Vitamin K measurement

HPLC, C-18 reversed phase column and fluorometric after post column electrochemical reduction was used to determine the free vitamin K2 (MK-7) concentration. This method does not detect bound vitamin K2. The inter-run variations as reported before were between 6 and 8% [18].

Materials

Phosphate binders used are shown in Table 1. The abbrevations used are calcium carbonate (CC) lanthanum carbonatehydrate (LA) calcium acetate/magnesium carbonate (CA/MC), sucroferric-oxyhydroxide (SOH) and sevelamer carbonate (SC). Ammonium phosphate from Sigma-Aldrich Co. (St. Louis, USA) was used for phosphate solutions. Ammonia 25% and hydrochloric acid 37% were purchased from Merck (Darmstadt, Germany) and BDH (Fontenay-sous-Bois, France) respectively and used to modulate pH of the medium. A Purelab Flex water purification device of Elga Labwater Global Operations/Veolia Water Solutions & Technologies (United Kingdom) provided purified water for the phosphate solutions and pH media.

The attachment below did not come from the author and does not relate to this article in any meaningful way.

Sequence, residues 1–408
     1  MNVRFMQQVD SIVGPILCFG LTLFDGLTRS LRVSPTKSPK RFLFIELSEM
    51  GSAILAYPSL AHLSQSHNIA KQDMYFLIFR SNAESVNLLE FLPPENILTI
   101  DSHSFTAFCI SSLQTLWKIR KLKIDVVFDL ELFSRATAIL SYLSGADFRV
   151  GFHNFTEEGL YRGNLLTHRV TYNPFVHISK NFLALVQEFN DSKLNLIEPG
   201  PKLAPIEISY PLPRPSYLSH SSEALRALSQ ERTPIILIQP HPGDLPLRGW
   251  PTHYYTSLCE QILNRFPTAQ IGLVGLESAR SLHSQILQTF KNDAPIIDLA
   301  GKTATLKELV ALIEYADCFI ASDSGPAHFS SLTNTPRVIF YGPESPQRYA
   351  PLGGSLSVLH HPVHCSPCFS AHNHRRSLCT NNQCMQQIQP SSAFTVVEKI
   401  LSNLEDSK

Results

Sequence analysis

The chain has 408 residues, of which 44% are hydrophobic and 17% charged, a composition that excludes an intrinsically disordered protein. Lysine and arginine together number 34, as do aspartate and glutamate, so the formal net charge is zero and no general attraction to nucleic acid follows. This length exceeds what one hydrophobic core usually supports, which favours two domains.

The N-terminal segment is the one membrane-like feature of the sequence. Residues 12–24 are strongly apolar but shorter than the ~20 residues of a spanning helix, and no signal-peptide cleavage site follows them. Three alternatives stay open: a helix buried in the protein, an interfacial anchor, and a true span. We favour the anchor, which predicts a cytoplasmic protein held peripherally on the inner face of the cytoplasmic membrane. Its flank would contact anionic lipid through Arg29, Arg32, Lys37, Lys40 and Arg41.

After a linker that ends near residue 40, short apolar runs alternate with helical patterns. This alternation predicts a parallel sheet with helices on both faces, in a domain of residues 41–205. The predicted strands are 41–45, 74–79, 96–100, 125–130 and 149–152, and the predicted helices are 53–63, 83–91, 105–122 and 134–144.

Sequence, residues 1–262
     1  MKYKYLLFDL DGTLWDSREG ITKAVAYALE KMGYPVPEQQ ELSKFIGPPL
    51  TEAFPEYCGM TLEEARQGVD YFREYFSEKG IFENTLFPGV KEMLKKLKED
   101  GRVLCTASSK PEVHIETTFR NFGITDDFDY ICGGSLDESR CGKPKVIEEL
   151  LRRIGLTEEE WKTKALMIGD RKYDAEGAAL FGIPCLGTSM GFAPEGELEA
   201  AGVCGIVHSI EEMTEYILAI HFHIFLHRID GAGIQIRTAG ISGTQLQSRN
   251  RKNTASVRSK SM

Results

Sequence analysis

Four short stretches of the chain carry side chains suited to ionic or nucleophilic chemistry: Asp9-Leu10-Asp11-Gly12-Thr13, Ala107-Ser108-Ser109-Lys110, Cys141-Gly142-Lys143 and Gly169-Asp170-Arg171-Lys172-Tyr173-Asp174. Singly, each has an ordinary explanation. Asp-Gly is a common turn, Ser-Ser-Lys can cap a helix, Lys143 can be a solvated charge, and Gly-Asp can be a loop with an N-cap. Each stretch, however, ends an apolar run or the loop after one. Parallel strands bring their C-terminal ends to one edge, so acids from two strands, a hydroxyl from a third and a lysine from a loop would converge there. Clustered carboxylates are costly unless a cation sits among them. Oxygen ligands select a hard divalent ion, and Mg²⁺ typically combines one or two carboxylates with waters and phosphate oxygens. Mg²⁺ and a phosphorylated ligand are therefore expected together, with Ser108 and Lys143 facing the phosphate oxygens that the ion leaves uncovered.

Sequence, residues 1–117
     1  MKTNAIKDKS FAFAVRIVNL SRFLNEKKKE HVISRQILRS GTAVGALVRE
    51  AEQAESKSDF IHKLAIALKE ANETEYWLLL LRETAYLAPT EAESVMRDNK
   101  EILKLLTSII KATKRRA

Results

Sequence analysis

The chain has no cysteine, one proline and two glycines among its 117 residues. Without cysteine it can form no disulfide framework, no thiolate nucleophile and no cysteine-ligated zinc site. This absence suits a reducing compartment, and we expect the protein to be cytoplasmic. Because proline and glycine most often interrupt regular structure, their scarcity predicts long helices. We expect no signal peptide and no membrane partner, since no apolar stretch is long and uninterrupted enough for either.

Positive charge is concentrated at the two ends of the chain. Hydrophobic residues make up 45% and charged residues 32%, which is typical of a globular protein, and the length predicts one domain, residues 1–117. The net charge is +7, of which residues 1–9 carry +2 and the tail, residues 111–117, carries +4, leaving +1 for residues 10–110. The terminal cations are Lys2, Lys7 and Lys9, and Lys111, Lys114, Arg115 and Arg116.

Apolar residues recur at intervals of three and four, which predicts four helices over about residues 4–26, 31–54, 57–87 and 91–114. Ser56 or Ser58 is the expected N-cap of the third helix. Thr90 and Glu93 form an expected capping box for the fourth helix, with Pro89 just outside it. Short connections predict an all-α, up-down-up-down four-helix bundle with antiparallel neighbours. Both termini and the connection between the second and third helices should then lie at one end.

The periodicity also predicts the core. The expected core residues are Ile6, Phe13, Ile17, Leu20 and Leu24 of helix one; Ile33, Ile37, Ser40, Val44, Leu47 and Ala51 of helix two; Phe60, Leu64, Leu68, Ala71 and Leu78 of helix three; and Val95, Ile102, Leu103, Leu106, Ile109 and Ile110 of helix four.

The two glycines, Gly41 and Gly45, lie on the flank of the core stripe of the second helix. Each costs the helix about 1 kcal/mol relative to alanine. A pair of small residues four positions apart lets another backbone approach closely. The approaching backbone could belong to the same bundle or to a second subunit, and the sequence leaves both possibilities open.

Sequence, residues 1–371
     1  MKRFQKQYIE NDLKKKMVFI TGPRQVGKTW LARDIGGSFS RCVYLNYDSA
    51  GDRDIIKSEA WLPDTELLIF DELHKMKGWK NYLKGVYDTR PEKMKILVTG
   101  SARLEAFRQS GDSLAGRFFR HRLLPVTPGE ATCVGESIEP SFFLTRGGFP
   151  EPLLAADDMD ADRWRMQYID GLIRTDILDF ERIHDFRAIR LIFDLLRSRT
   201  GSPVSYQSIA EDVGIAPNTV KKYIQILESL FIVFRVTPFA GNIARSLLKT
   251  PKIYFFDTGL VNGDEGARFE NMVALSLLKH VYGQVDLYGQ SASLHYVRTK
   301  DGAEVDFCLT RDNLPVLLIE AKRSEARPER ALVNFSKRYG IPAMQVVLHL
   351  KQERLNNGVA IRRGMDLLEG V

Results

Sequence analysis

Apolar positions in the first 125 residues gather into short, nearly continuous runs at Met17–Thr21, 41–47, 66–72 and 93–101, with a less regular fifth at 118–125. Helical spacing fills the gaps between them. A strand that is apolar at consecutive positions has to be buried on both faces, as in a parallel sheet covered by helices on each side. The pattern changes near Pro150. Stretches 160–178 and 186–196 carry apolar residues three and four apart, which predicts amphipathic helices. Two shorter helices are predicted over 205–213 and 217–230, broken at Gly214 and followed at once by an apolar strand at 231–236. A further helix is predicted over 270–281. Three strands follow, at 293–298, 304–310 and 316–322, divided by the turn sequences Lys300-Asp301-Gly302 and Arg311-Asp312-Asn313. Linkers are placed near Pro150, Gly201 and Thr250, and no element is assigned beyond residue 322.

Table 1

Different phosphate binders, manufacturer and the city and country of origin

Phosphate binder

Manufacturer

City, Country

Lanthanum carbonatehydrate (FosrenolR 750 mg sachets)

Shire Pharmaceutical

Basingstoke, United Kingdom

Calcium acetate/magnesium carbonate (OsvarenR 435 mg/235 mg film-coated tablets)

Fresenius Medical Care Nephrologica

Bad Homburg, Germany

Sevelamer carbonate (RenvelaR 2,4 g sachets)

Sanofi Europe B.V.

Naarden, Netherlands

Calcium carbonate (500 mg chewing tablets)

Fagron BV

Uitgeest, Netherlands

sucroferric-oxyhydroxide (VelphoroR 500 mg chewing tablets)

Vifor Fresenius Medical Care; Renal Pharma France

Neuilly-sur-Seine, France

Preparation of phosphate binders, phosphate solution, vitamin K2 (MK-7) and pH media

It is not well established what amount of different binders in in vitro setup represent comparable phosphate binding capacity in vivo. The amounts of phosphate binders and phosphate solution were based on half the dosage, which has been used in previous in vitro experiments without vitamin K2 [19]. Therefore, all substances were used in an equal amount of active compound on weight base, and in powder form. CC, CA/MC and SOH tablets were crushed with a pestle. We measured weight and used this value to calculate the amount of supplement needed to get 67 mg of the active compound, showed in formula 1. The concentration of the active compound of the binders was 2.5 mg/ml. The needed amount of supplement was measured by a Mettler AT250 microbalance, with maximum deviation of 0.05 mg.
$$ \mathrm{W} = \left(\mathrm{A}/\mathrm{P}\right) \times 67 $$